Reduce garden maintenance with shrubs

By Diana Stoll
Posted9/10/2017 6:00 AM
  • Bobo hydrangeas can be planted in place of day lilies, which require constant deadheading.

    Bobo hydrangeas can be planted in place of day lilies, which require constant deadheading. Courtesy of Diana Stoll

Many of us are looking for ways to reduce the time spent maintaining of our landscapes. One of the easiest ways is to replace labor-intensive perennials -- those requiring additional fertilizer or continual deadheading and drought-sensitive or disease-prone varieties -- with small shrubs.

There are many pint-size shrubs that require pruning just once a year, if at all. Some are evergreen; some relinquish their leaves for the winter. Some have spectacular blooms; some offer colorful foliage. Here are some of the best for northern Illinois gardens.

The glossy leaves of euonymus Canadale Gold sport bright yellow edges surrounding green centers. Because it is evergreen, its distinctive coloring adds interest to the landscape year round. It grows in an irregular mound about 3 feet tall and wide. It never has to be pruned, but does not mind a haircut if its gardener prefers a more manicured appearance. This shrub is not fussy about growing conditions and performs in sun to part shade in dry to moist soils, as long as they are not soggy.

Euonymus Moonshadow boasts evergreen foliage with the opposite pattern of variegation of Canadale Gold and grows a bit shorter -- just 2 feet tall -- but up to 4 feet wide.

Position Canadale Gold or Moonshadow in the front of taller perennials that are ugly from the knees down, such as asters, daisies, goldenrods and mums.

One of my favorite shrubs, hydrangea paniculata Bobo, features an abundance of large white conical flowers held on strong, non-flopping stems beginning in midsummer. In fall, the flowers take on rosy tones. The shrub grows just 30 inches tall and 36 inches wide and is happy to perform in sun to part shade in well-drained soil enriched with compost. Deadhead last year's spent flowers in early spring.

Choose hydrangea paniculata Bobo to replace day lilies that need daily deadheading.

Juniperus squamata Blue Star is a lovely, ground-hugging evergreen shrub with silvery-blue needles. It reportedly grows up to 3 feet tall, but the specimen in my front garden can't be over a foot tall, although it has reached 4 feet wide as expected. Junipers require a spot with well-drained soil and full sun. It never needs pruning and is drought-tolerant once established.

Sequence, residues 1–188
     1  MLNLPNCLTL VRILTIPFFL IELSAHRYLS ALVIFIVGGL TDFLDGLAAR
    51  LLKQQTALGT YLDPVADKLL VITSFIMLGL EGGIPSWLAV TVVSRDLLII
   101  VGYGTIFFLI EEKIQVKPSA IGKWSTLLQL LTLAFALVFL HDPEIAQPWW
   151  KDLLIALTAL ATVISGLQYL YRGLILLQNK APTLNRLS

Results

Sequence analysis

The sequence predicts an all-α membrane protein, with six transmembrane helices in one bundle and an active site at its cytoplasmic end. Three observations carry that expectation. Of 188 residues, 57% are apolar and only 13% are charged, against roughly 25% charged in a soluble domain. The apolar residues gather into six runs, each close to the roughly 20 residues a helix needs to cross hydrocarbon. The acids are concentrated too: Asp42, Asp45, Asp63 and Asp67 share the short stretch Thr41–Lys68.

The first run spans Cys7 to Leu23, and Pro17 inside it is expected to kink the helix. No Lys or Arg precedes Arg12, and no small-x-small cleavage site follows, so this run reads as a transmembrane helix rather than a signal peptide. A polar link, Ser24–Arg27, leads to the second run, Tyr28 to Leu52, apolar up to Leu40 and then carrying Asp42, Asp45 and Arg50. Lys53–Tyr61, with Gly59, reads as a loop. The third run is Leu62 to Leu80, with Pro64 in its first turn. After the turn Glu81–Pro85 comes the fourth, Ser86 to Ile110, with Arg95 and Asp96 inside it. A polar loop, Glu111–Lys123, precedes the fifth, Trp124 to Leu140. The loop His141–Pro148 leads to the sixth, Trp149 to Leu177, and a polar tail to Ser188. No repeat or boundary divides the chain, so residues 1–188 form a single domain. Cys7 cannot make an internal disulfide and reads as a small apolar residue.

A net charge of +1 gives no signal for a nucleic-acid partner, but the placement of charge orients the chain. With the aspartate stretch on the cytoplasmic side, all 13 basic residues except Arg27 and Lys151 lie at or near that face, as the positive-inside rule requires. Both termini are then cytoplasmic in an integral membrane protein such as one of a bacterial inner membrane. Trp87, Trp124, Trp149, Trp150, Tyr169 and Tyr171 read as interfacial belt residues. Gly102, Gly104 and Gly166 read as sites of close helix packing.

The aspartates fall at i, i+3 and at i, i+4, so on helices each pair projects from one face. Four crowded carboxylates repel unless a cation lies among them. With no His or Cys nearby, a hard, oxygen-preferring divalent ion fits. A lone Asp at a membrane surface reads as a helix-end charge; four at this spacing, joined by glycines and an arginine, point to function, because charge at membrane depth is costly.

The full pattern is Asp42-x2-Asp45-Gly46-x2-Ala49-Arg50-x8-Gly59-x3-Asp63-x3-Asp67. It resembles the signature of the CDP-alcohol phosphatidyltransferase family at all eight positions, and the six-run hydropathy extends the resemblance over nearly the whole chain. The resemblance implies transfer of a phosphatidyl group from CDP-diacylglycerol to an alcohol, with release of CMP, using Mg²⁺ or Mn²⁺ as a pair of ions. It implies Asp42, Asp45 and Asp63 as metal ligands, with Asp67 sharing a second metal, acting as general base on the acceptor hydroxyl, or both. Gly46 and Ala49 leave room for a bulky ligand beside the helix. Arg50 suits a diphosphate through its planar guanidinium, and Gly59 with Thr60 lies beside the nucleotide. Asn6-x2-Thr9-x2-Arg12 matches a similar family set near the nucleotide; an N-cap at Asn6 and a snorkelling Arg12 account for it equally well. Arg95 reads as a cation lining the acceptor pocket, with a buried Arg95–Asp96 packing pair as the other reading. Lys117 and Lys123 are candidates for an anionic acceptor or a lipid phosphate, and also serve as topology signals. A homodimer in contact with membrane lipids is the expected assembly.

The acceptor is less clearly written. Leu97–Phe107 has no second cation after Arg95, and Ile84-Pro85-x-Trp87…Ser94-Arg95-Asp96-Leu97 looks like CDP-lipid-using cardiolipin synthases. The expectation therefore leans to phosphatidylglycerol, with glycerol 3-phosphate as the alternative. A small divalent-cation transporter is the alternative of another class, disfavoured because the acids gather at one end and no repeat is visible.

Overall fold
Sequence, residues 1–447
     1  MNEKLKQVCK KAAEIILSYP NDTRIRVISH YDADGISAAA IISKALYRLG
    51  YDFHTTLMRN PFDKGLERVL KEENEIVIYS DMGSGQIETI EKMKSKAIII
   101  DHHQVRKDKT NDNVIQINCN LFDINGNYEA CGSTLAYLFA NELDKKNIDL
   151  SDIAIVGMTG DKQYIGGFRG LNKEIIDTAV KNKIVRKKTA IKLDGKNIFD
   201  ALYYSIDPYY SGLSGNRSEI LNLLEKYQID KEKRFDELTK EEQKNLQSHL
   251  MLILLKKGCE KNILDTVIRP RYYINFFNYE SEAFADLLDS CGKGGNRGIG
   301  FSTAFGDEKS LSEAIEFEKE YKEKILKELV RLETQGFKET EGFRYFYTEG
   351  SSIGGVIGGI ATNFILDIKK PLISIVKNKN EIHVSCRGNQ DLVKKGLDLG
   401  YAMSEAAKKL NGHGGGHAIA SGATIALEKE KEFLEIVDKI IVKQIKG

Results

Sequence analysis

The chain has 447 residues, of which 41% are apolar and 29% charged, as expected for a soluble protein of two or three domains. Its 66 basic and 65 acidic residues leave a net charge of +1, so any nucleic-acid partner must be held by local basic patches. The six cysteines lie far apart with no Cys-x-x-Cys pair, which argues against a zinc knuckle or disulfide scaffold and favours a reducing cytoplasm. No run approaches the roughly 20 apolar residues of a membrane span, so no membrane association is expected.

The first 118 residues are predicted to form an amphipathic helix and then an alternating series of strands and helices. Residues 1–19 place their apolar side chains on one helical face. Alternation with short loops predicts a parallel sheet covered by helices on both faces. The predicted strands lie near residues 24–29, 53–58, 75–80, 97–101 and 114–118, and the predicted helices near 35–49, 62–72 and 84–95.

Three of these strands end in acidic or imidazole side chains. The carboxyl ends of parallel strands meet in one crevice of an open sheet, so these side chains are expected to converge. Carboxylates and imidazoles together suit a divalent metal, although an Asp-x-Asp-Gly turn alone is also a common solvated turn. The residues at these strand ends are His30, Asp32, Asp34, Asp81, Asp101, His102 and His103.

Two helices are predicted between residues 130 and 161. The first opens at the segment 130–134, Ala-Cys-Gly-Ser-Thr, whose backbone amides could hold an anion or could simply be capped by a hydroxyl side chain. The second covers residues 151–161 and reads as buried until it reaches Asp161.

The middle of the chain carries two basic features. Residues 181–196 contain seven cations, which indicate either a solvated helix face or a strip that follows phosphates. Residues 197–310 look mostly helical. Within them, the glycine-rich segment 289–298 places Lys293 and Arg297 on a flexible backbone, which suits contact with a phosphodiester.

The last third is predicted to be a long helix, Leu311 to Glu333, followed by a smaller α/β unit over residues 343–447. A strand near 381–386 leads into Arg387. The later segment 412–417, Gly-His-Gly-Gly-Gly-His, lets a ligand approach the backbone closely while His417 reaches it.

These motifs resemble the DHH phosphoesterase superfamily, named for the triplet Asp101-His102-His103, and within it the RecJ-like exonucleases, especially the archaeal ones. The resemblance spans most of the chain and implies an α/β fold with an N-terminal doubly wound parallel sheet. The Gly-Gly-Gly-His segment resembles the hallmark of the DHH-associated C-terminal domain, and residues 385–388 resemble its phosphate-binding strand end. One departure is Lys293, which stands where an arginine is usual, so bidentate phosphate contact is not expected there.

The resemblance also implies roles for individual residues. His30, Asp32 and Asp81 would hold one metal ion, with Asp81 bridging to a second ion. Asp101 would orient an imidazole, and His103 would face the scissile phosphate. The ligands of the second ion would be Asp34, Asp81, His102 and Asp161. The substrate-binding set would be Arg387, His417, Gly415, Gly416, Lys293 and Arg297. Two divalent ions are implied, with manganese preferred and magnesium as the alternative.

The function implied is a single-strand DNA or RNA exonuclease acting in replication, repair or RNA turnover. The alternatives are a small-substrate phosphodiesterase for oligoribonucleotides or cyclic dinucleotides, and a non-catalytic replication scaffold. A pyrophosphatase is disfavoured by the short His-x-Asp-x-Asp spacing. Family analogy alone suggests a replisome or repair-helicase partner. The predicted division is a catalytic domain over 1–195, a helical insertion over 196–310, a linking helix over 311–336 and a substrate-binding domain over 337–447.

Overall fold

A Blue Star juniper takes the space of five perennials in my garden where it is planted with Zagreb coreopsis and Max Frei geranium.

Ninebarks became all the rage several years ago with the introduction of varieties showing off new foliage colors. Physocarpus Tiny Wine is one of the newest members of the family. It features mildew-resistant, dark maroon foliage on bushy shrubs growing 3 to 4 feet tall. Pink flower buds open to charming white flowers in late spring. After dropping its leaves in fall, the exfoliating bark provides winter interest. Plant it in full sun to light shade in well-drained soil.

If you have peonies that come down with an annual bout of botrytis or old-fashioned phlox that are always covered with mildew, replace them with Tiny Wine ninebark. After it blooms in late spring, its dark, richly colored foliage is a beautiful backdrop for smaller pink, red or yellow flowering perennials.

Weigela My Monet captures your heart at first glance. It's a cutie -- just 18 inches tall and wide -- with green foliage painted with strokes of cream and pink at the edges. Soft pink flowers begin blooming in spring and continue sporadically through summer. It grows in full sun to part shade in compost-amended, well-drained soil. It rarely, if ever, needs pruning.

Plant My Monet in place of any small, time-consuming perennials at the front of the border like balloon flowers, blanket flowers and perennial dianthus.

• Diana Stoll is a horticulturist, garden writer and the garden center manager at The Planter's Palette in Winfield. She blogs at

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